“When Covid hit in March 2020 we had 27 trucks in the fleet and they were everywhere in the world.”
Charlie Hopkinson, founder of the renowned overland company, Dragoman, was recalling the desperate days at the start of the pandemic when frontiers across the world were clattering shut.
The unprecedented global closedown was tough for every international travel firm. But for overland companies whose trips visit multiple countries, Covid was the worst nightmare.
“I was actually on [a Dragoman overland truck] in India at the time,” Mr Hopkinson told The Independent daily travel podcast.
“One evening we were just in Mysore doing our thing. The next day our local guide said: ‘Sorry guys, you have to leave the country’.”
“So we turned the truck around, back to Bangalore airport and left the truck in a truck compound. That was the last we saw of that truck for two years.”
The Dragoman fleet was scattered across Asia, Africa and Latin America.
“It was just basically: get them to somewhere safe, somewhere where we knew they were going to be looked after.
“There’s certain countries that we knew we were really good places to have them. There are certain countries we knew were really bad places – like Ethiopia for instance.
“We’ve got one truck – our best truck – which we are still trying to rescue [from Ethiopia] as we speak.
“It is sitting in a hotel car park somewhere in Gondar and it’s got £100,000 worth of parking fees on it. Or that’s what we were told. We’ve now negotiated that down to £20,000.”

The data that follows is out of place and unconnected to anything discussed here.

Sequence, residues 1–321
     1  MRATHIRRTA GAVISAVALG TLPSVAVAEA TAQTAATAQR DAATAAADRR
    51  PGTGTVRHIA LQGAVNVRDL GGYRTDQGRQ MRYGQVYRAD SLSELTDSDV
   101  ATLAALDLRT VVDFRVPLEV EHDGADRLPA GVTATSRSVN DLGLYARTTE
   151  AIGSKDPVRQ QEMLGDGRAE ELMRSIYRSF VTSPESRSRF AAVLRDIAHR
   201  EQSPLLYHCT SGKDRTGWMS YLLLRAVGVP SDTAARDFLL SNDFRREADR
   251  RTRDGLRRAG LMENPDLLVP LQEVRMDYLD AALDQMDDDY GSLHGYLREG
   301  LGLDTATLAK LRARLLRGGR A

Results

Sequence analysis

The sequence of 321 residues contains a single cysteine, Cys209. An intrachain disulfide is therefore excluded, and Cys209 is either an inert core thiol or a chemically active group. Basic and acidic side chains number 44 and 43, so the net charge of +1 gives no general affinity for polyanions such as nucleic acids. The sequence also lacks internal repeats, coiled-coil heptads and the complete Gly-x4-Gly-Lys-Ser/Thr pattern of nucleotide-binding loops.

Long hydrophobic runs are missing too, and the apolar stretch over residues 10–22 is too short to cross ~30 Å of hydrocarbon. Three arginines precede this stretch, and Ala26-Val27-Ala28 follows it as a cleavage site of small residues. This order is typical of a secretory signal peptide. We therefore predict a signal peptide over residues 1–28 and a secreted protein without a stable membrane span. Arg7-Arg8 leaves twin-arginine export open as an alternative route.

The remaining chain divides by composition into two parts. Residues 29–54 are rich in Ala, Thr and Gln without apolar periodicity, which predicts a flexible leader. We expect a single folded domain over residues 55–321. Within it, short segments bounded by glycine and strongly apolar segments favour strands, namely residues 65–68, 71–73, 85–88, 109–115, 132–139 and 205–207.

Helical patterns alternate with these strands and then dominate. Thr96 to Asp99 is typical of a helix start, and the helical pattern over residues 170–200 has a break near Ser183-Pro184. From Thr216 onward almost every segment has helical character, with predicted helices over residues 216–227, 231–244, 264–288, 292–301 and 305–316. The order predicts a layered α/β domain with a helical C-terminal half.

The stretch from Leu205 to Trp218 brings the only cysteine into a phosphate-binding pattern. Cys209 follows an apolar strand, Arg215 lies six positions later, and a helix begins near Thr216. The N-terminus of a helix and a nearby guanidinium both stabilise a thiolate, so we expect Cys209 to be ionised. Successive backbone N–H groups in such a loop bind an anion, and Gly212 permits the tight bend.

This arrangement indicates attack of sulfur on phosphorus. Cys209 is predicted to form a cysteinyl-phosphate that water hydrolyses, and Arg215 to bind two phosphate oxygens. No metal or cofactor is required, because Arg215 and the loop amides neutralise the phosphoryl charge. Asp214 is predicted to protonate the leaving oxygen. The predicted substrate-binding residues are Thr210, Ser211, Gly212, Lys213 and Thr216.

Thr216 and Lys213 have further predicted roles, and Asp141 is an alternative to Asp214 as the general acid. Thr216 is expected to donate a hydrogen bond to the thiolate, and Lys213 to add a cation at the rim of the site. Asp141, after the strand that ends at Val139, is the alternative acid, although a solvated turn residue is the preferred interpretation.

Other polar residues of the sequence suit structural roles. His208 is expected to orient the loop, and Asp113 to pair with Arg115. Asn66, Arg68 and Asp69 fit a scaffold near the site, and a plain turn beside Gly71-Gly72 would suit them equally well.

The trucks – the fundamental assets of any overland company – are custom-fitted for adventure travel. Each represents a investment of tens of thousands of pounds, quite apart from the parking fees.
“There’s probably six or seven still out there that we need to rescue,” the Dragoman founder said.
The pandemic lasted longer for the overland business than any other part of the travel industry.
Mr Hopkinson said: “Unlike most travel companies, who basically were able to go, ‘We’ll retrench, we’ll use the furlough and as soon as the world opens we can go back out,’ we had trucks everywhere.
“We had to rescue those trucks and we had to cross borders. If you’re trying to go from Georgia to Azerbaijan to Turkmenistan tp Uzbekistan and one of those in the middle is shut, you can’t run your tour.”
The future of the company founded in 1981, with a first trip through the Middle East and North Africa, looked uncertain.
In October 2022, Dragoman took the decision to “hibernate” the business: refunding every customer who had a future trip booked, and eventually seeking a buyer.
The founder now reports: “We’ve sold the brand and the business to Madventure, a small overland company and they’re buying it to run Dragoman exactly as we always used to – which is great.
“The reason that it’s a really good fit with Madventure: rather than them being the big boys buying, it’s the small boys buying.
“The Dragoman style is all about making it really inclusive and at grassroots level – but absolutely everything included and, and making sure that the local people are really involved. That ethos is what Dragoman’s about.”
Mr Hopkinson has now bought a camper van and is looking forward to exploring independently. But he aims to go on a “founder’s tour” with Dragoman at least once a year.